Economist: Individual mandate's penalty is high enough

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The mandate requires most people to either buy insurance or pay a penalty. It's designed to bring into the system young, healthy people who are inexpensive to insure, who would offset the high cost of guaranteeing coverage to people with pre-existing conditions.

But some insurers and healthcare analysts fear the federal law's penalty is too low — that it won't be enough of an incentive to buy insurance, which will be much more expensive than simply paying the fine.

That might be true at first, Frakt wrote, but as the mandate phases in, the penalties will probably be enough to serve their purpose.

"Insurers may be correct that the penalties in the first 2 years will be too low, but it is harder to make the case that the fully phased-in penalties will be too low," Frakt wrote on the Journal of the American Medical Association's website.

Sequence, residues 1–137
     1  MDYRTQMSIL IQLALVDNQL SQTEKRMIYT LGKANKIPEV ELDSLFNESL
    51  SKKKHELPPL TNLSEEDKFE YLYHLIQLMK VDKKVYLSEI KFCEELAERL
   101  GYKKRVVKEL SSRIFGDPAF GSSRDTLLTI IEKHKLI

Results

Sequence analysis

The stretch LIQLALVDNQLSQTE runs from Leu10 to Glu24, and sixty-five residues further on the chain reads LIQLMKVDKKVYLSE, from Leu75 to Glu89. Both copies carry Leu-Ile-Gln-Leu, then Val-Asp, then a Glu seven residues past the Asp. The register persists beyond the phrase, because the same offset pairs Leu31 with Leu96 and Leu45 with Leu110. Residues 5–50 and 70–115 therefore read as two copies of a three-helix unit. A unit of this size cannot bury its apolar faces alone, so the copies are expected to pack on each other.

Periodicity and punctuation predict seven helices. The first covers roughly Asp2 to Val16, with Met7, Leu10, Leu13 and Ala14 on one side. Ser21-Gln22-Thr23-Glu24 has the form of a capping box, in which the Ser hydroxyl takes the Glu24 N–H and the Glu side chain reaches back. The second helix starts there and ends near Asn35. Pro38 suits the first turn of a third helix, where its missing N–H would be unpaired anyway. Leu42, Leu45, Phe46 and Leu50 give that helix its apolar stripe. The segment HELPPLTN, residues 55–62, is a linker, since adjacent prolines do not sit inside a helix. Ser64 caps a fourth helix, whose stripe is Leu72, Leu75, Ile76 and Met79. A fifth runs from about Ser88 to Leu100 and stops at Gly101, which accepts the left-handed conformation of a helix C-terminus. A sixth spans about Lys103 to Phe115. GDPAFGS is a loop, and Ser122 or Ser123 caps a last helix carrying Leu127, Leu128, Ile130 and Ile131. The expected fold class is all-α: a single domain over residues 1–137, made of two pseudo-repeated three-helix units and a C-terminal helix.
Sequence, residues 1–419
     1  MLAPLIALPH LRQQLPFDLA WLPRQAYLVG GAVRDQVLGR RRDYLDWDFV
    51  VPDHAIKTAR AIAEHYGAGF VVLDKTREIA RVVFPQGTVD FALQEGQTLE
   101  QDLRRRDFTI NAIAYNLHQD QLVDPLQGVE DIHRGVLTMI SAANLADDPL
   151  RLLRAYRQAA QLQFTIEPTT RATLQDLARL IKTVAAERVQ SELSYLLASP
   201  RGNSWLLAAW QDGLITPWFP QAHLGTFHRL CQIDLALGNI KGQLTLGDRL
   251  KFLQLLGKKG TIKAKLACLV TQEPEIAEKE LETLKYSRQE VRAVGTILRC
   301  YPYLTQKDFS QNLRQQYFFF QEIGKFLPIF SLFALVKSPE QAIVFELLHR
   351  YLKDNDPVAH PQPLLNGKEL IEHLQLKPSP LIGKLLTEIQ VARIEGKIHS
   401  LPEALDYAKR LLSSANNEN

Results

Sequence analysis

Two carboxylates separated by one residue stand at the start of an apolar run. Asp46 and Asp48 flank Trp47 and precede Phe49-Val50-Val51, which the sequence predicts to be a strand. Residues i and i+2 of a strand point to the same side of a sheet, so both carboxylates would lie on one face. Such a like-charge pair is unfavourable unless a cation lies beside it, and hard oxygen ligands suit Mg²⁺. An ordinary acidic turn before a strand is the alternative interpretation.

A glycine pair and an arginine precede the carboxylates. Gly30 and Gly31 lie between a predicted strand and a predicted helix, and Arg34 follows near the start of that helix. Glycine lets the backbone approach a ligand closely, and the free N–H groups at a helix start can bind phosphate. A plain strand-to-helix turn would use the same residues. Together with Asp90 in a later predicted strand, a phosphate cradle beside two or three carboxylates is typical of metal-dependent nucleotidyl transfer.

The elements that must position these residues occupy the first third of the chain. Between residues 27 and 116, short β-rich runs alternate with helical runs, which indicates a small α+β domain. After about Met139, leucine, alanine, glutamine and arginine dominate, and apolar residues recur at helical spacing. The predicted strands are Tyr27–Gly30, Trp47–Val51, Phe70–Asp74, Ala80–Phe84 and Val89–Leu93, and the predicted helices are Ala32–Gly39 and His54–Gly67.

Once Massachusetts' mandate was fully implemented, every sick person who gained access to coverage was offset by three healthy people, Frakt wrote. And he said the federal penalty will eventually be more aggressive than Massachusetts's.

Although it starts off low, the federal penalty will eventually rise to an average of $674 — compared with an average of $537 under Massachusetts's structure.

"Ultimately, the size of the penalty for noncompliance is a political calculation, not just an actuarial one," Frakt wrote.